Subscribe / Unsubscribe Enewsletters | Login | Register

Pencil Banner

Apple's iMessage finally grows up

Mike Elgan | Sept. 19, 2016
Apple's iMessage service will have a much bigger impact than you think. It's all about the App Store.

Apple is finally taking on Snapchat, WeChat and Slack.

Wait, what?

When iOS 10 appeared on Tuesday, it featured a long list of enhancements. The biggest news is the transformation of Apple's messaging service, iMessage, into a full-fledged, modern messaging platform.

As with so many things, Apple is an exception to industry norms. The new iMessage will become far more than just another messaging service. It changes everything.

(Note that iMessage is the service based on Apple's proprietary Apple Push Notification Service protocol and should not be confused with Apple's iOS or OS X messaging app, which is called Messages. The Messages app supports iMessages and standard SMS or MMS service. )

Don't be distracted by the fun, playful and goofy stuff, of which there is plenty and over which the press is obsessing.

The new iMessage has effects that can take over the screen with fireworks, lasers, confetti, balloons or shooting stars. Other effects can make dialog bubbles "loud" (large), "gentle" (small) or "slam."

An "invisible ink" feature keeps your words and pictures invisible until the recipient swipes a finger across the screen.

Some effects are automatic. When you type "happy birthday," balloons rise across the screen. When you say "congratulations," the full screen rains confetti.

If you double-tap on any part of a conversation, you can add thumbs up or down or other quick responses, which are affixed to that part of the message. So if someone sends you a confusing photo, you can double-tap on the photo and choose the question mark icon, which is placed near the upper right corner of the photo.

The new iMessage also borrows from the Apple Watch. A feature called Digital Touch lets you send sketches scribbled with a finger, as well as vibration taps and heartbeats (using an Apple Watch or other sensor).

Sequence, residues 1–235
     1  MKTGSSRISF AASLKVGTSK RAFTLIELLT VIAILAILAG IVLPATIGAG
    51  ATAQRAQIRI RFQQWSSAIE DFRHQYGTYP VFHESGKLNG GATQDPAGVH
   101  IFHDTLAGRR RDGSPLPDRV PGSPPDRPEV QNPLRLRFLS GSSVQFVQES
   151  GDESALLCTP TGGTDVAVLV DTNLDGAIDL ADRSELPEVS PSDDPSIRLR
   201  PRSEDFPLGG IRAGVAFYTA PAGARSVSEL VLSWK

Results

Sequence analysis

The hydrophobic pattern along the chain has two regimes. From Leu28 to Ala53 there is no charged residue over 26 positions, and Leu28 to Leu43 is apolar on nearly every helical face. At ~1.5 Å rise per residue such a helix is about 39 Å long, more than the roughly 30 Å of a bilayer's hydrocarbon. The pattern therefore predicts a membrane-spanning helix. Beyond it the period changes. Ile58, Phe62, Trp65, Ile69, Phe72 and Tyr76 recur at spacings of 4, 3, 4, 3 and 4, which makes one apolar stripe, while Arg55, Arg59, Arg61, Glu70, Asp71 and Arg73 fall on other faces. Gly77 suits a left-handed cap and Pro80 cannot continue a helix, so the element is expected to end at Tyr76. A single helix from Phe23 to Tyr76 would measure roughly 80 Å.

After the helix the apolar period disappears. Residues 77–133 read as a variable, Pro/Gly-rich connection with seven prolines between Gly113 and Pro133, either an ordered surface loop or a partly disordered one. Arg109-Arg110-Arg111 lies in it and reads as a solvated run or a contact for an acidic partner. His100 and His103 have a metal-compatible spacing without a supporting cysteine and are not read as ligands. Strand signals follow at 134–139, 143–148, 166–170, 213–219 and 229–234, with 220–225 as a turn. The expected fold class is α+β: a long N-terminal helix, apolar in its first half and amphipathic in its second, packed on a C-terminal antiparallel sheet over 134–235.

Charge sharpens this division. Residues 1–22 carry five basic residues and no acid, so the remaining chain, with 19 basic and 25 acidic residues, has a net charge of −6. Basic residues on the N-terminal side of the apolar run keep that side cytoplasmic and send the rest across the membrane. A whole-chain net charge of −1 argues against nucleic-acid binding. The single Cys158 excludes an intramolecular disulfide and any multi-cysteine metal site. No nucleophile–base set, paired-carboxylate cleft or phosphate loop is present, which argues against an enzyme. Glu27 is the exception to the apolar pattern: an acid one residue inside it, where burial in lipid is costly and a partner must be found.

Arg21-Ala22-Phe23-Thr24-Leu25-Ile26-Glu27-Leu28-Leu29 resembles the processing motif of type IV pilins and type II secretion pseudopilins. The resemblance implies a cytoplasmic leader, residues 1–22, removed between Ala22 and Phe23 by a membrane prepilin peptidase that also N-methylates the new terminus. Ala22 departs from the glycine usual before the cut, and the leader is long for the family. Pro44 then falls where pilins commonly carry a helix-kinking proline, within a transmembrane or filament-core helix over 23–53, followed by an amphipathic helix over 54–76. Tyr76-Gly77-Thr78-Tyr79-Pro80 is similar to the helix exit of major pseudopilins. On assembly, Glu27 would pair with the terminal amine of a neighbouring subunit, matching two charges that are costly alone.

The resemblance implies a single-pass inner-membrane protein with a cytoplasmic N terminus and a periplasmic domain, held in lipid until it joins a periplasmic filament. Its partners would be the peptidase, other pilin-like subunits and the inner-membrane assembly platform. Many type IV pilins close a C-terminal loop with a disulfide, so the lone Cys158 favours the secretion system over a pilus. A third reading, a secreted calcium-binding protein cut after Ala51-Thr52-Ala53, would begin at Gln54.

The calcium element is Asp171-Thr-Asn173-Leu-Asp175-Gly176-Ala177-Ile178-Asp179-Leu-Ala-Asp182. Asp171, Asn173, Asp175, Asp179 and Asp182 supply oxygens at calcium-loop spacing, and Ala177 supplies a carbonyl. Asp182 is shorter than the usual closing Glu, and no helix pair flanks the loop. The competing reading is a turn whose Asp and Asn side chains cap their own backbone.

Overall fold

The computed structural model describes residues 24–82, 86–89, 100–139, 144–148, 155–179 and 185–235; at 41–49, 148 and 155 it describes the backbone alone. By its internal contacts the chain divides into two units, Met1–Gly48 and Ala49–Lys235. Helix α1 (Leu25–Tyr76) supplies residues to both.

You can also do handwriting. When you're on an iPhone, simply turning the phone to horizontal mode enables a full-screen writing mode. The scribbling feature looks even better on an iPad, with its larger screen. It feels a bit like using an Apple Pencil on an iPad Pro -- the lines are thick or thin as you draw based on the speed of your finger's movement across the screen.

When you paste a link into a message, pictures and elements from the page you linked to appear in a box (similar to what Facebook does when you add links to comments). If you link to a YouTube or Vine video, the video appears in the message and can be played in place.

Emojis do more in the new iMessage, too. When you send three or fewer emoji without any text in the same line, they appear three times the size. After you've typed a message, you can tap the emoji button on the keyboard and the easily emojified words appear in orange. By tapping on each of those words, you get emoji options for instantly replacing the words with emoji.

 

1  2  3  Next Page 

Sign up for CIO Asia eNewsletters.